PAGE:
Are You Making Your Business a Cyberthreat Magnet?

 

In recent years, cyber criminals have had a harder time exploiting enterprises, who have advanced rapidly in terms of cyber security. Not to be deterred, the hackers have shifted their efforts to easier targets –small businesses.

Now, more non-enterprise businesses are under attack more than ever. In 2016, 61 percent of all cyberattacks affected small businesses, up from just 53 percent the previous year, according to a recent study by Verizon.

Unfortunately, many small business owners are in a state of denial about their vulnerability, which exacerbates the problem.

A man with a though cloud above him listing a jumble of reasons why his business is safe--but actually, these are all misconceptions. All you see is the top of the mans head and classes, and a thought bubble on a black background.

 

How Big a Deal Is This?

Not only are the cyber attacks more frequent, but they are costlier. A recent study by cyber research firm Kapersky Lab found that the average cybersecurity attack on a small business will cost around $117,000.

However, hard numbers can understate the total financial and emotional impact of a cyber attack, which often plays out as a horror story for the business and its customers. For example,               

• Imagine losing all customer billing accounts. This was the case when an Arkansas company was attacked by ransomware in 2017, but refused to pay up. Afterward, assailants encrypted 90,000 files in less than two minutes.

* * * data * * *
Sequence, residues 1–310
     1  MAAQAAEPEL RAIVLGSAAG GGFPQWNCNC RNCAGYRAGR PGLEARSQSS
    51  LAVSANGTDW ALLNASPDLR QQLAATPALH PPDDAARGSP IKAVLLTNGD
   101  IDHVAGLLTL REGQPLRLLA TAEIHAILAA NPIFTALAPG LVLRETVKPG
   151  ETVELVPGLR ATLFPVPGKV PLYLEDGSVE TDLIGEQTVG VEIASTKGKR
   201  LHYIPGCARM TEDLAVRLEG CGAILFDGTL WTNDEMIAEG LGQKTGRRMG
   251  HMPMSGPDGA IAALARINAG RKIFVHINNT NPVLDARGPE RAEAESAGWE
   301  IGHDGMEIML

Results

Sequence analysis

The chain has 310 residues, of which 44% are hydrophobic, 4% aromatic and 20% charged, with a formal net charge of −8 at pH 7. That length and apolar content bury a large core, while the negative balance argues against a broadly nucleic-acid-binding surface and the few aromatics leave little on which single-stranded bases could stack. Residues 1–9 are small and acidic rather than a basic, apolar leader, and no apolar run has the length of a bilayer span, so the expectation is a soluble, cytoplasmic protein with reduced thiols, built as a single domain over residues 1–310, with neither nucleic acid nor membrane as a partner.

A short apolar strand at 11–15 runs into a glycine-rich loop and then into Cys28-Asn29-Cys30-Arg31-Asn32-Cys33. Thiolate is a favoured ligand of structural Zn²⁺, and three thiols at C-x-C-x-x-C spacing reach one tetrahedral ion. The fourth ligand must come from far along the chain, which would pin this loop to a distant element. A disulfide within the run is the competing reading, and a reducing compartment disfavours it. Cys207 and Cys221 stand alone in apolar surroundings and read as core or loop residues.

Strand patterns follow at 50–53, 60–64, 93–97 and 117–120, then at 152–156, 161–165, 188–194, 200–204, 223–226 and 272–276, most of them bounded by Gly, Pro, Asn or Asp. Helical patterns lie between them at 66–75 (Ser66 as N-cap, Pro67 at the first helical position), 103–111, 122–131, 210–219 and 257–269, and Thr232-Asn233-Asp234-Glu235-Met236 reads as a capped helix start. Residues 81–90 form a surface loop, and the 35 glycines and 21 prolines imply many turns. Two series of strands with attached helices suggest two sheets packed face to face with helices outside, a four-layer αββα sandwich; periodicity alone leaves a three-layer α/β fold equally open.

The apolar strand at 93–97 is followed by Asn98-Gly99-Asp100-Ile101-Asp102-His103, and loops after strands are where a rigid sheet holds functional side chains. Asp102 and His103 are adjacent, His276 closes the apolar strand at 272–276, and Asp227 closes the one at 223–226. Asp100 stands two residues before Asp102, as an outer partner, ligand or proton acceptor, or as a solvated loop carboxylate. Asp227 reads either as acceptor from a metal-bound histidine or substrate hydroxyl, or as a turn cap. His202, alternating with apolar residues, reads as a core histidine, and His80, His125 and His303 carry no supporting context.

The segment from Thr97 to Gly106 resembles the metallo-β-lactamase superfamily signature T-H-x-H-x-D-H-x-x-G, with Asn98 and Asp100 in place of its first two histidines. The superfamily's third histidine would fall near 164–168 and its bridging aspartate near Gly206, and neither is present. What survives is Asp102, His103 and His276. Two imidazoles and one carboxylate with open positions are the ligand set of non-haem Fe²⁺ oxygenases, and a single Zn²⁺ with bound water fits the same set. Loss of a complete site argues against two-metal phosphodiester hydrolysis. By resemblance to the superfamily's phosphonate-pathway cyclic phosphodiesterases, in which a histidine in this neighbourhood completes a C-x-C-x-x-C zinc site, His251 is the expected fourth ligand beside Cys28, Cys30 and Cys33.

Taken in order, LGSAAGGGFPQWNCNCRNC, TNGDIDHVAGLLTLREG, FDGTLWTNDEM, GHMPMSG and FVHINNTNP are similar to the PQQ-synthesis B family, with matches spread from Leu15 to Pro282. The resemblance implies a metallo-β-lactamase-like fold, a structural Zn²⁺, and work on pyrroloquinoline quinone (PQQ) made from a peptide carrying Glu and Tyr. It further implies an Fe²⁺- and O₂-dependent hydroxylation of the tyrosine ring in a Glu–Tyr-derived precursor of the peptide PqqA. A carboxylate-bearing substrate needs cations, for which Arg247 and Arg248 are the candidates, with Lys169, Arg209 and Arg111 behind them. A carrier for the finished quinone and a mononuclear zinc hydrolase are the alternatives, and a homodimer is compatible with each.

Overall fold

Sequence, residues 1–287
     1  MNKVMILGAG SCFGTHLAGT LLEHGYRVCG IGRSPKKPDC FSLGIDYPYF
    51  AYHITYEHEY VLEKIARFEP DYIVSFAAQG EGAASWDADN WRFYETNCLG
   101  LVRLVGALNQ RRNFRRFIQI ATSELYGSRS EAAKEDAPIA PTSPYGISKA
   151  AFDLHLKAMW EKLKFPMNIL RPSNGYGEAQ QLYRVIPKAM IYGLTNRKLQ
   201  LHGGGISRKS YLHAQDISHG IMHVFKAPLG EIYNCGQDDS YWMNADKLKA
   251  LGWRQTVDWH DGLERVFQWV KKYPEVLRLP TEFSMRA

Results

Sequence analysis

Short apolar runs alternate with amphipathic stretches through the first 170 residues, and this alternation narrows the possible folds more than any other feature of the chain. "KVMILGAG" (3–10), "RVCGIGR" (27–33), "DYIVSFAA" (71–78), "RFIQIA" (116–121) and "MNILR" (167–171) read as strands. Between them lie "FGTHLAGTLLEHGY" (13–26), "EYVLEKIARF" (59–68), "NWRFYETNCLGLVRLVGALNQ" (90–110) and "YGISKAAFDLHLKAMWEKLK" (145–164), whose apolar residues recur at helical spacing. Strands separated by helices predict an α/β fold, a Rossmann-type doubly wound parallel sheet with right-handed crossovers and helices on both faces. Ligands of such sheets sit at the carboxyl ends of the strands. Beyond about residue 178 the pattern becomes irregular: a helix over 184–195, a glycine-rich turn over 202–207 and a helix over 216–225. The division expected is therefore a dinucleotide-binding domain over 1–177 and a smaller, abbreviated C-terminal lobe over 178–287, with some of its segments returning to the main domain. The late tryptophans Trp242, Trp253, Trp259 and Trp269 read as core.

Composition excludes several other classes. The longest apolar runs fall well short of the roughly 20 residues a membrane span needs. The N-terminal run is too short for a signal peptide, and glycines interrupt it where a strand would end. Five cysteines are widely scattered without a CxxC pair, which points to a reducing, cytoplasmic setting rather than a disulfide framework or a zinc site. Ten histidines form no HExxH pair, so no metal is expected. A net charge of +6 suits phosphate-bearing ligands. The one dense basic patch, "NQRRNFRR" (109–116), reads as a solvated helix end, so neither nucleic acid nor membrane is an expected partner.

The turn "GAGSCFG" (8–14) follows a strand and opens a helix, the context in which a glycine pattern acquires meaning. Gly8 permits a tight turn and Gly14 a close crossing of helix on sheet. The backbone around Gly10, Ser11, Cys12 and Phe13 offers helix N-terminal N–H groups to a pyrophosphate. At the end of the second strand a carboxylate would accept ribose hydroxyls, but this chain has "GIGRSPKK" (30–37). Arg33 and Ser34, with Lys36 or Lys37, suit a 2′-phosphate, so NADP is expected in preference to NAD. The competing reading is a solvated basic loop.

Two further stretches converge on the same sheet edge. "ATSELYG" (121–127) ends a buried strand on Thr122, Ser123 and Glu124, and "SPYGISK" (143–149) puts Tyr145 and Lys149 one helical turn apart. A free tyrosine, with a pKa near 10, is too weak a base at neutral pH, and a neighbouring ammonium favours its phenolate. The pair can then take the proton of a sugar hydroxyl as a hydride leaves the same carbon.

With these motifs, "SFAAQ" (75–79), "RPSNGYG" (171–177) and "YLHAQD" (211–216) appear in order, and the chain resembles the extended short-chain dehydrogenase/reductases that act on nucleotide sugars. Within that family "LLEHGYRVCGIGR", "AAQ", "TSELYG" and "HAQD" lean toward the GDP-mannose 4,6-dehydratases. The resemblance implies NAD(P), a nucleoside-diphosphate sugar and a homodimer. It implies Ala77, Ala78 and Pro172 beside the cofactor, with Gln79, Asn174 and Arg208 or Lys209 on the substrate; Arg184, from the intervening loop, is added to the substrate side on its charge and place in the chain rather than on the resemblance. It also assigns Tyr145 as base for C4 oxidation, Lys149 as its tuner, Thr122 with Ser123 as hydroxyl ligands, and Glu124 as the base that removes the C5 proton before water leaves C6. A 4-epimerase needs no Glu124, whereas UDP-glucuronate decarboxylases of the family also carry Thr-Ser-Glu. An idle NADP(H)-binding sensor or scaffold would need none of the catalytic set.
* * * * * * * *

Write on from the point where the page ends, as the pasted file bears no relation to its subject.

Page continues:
• Consider what mischief unrestricted access to a network might allow. A four-star Austrian hotel was hit by a ransomware attack in which the hackers took control of the door lock system and locked out guests until the ransom was paid.

• Think about explaining a cyber attack to customers. When WannaCry plunged the National Health Service of England into chaos in 2017, doctors were forced to simply tell patients “our hospital is down.”

The escalating threat has become a national security concern for the United States. In 2017, the House of Representatives passed the NIST Small Business Cybersecurity Act (c) which proposes that that the National Institute of Standards and Technology must establish cybersecurity guidelines for small businesses as well as federal agencies and enterprises.

What You're Up Against

Identifying the threats is the first step in security. Here is what SMBs are up against, and how the threats are evolving:

  • Malware applications are software written with the intent to harm. In 2017, there were 7.41 million malware specimens, an eight percent increase over 2016 levels.
  • Viruses are malware that can spread themselves. Email has become the weapon of choice to spread viruses and malware. 
  • Exploits are vulnerabilities in systems that allow hackers to transmit malware or viruses on systems. Unfortunately, budget-friendly applications and systems that SMBs tend to use are also easier to exploit. 
  • Trojans are malware disguised as legitimate software. Software updates have become the primary vector for Trojans. 
  • Botnets are “zombie” robot networks that can use many computers in unison to carry out coordinated efforts like DDoS attacks. Expanding IoT and business networks are increasing the capability of botnets.

Conclusion

Most small business don't like to think about cybersecurity, which makes them hot targets for hackers. To prevent a costly cyberattack, learn the threats and take precautions to protect your increasingly vulnerable business. 

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